Ever given a Russian a red carnation? How about a clock to someone from China? Or have you ever asked to be passed the salt in Egypt?
If so, you’ve probably been given short shrift by the locals – so to make sure you’re up to speed next time you travel, we’ve compiled a list of seven of the stranger customs from across the globe…
Don’t talk turkey in Bolivia
If you’re away doing business in Bolivia, resist the temptation to talk shop at the dinner table or at any social function for that matter – it’s bad form to discuss business matters in a social situation.
Dinner in Bolivia is used to grow personal relationships, so even if you’re at a business lunch, wait until your host starts talking turkey before you get down to business.
Eat hands-free in Norway
The Norwegians are sticklers at the dinner table and insist on using cutlery when eating ANYTHING, even sandwiches, so don’t dive in fingers-first.
Don’t give certain gifts in China
So you’ve got a friend in China who’s celebrating a birthday, maybe you’re thinking of getting them a nice timepiece, some handkerchiefs, or maybe sending them some flowers? Think again, all of these gifts – as well as straw sandals – are associated with death and funerals in China and are considered not just inappropriate but too morbid for any other occasion.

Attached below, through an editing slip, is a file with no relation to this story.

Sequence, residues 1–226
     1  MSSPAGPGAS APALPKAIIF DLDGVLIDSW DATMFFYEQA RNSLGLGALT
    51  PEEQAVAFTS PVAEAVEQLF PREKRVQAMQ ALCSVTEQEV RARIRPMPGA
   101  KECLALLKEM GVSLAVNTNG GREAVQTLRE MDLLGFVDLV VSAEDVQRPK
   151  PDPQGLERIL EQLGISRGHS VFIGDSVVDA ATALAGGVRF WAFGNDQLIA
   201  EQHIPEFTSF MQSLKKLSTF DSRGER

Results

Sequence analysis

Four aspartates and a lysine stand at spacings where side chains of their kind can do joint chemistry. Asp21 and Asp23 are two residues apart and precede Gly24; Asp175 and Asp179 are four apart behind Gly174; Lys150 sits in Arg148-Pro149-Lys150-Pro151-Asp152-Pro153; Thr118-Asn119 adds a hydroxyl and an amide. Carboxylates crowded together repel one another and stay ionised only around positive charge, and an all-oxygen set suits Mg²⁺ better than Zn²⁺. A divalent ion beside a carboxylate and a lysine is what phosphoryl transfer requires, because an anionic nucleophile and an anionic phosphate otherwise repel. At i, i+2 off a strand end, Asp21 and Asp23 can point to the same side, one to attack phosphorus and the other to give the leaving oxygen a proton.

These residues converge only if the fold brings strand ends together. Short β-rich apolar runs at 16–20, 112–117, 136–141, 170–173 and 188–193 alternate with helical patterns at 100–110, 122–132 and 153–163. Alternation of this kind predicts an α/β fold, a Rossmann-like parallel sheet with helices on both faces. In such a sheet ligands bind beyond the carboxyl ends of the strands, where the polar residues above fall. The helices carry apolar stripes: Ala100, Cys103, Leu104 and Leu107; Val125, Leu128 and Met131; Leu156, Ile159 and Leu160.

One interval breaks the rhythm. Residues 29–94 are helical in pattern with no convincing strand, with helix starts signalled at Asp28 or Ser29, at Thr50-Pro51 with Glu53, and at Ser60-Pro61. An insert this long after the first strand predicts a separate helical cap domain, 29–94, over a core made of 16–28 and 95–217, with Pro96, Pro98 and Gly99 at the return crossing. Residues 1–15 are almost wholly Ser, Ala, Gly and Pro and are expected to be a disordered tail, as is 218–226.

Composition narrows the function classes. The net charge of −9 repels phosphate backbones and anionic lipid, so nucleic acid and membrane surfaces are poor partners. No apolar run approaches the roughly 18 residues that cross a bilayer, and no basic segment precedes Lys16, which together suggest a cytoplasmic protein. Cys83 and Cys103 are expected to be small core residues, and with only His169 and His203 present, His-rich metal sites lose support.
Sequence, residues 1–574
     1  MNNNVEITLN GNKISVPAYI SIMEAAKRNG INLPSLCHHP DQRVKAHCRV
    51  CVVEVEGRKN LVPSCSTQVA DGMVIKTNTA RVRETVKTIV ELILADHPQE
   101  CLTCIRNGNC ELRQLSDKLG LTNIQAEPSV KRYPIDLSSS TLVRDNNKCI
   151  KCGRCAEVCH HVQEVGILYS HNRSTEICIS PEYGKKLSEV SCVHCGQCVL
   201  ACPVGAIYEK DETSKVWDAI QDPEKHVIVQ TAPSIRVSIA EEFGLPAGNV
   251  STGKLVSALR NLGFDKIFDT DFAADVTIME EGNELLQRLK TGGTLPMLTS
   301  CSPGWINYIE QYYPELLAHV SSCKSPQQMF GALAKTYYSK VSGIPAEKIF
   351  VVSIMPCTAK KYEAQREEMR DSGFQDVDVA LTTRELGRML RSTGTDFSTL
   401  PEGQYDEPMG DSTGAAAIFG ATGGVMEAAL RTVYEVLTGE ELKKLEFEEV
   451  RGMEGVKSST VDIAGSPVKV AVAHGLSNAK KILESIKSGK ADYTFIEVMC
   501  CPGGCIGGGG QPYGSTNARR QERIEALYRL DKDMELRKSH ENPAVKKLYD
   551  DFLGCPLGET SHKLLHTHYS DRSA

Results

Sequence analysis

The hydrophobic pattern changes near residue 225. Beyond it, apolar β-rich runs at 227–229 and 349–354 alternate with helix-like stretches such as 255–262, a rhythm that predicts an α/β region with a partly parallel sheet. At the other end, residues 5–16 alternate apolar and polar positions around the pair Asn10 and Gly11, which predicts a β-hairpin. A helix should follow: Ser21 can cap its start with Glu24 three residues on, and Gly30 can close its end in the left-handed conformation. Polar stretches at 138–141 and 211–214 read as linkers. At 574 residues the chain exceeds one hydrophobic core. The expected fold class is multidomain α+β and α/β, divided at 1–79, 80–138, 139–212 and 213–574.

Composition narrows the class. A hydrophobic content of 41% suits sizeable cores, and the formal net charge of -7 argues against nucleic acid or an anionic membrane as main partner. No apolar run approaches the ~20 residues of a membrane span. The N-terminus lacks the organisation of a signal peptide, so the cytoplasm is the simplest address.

Pass on the salt in Egypt
In Egypt, seasoning your food is frowned upon and considered an insult to the host who has prepared the meal – so instead of passing the salt, just pass on the salt completely.
Don’t split the bill in Turkey
If you’re at a business lunch in Turkey, don’t insist on paying or even splitting the bill as it’s the custom for your host to pay for the meal.
There’s no harm in offering, this is seen as a polite gesture, just don’t insist as you may rub your host up the wrong way.
And if you want to reciprocate the hospitality, arrange another meal at which you are the host and you foot the bill accordingly.
Be careful with those chopsticks in Japan
The Japanese are very polite people and proper etiquette is all-important, especially at mealtimes.
So if you’re going to immerse yourself in the culinary culture be mindful of how you use your chopsticks – don’t point or stab food with them and certainly don’t play with them. If you have to get food from a shared plate use the opposite end of the chopsticks, using the end you’ve been sticking in your mouth is considered offensive and unhygienic.
Don’t give a Russian the wrong flowers
If you’re giving flowers to a friend or business associate in Russia, take care when choosing the colour and type of bloom you’re handing out.
Red carnations are only offered to surviving war veterans or placed on the graves of the dead, while yellow flora suggests a relationship break-up or some sort of deceit – so if you ever see a Russian brandishing a bunch of sunflowers, you know what they’ve been up to.